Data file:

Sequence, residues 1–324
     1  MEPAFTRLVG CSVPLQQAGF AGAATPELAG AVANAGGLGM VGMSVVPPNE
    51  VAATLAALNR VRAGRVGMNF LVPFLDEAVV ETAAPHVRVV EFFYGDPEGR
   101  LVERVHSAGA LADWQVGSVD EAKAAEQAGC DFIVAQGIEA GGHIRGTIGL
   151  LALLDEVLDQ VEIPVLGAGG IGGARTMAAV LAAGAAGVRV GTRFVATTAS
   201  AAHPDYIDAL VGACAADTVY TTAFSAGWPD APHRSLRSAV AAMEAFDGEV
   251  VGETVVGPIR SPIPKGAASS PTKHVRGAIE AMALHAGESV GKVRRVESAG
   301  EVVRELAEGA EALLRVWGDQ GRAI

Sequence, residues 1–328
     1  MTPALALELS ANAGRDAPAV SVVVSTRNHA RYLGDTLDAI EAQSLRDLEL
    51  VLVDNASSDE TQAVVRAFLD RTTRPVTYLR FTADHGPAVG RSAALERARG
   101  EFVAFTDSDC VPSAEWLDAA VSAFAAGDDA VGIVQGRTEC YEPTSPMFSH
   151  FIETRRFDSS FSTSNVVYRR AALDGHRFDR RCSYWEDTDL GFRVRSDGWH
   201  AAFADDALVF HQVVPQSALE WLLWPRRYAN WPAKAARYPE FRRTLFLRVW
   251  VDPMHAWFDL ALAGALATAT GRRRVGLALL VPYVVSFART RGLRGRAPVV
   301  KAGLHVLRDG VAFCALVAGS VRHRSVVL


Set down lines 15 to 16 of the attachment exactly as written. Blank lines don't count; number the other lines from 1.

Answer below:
   251  VDPMHAWFDL ALAGALATAT GRRRVGLALL VPYVVSFART RGLRGRAPVV
   301  KAGLHVLRDG VAFCALVAGS VRHRSVVL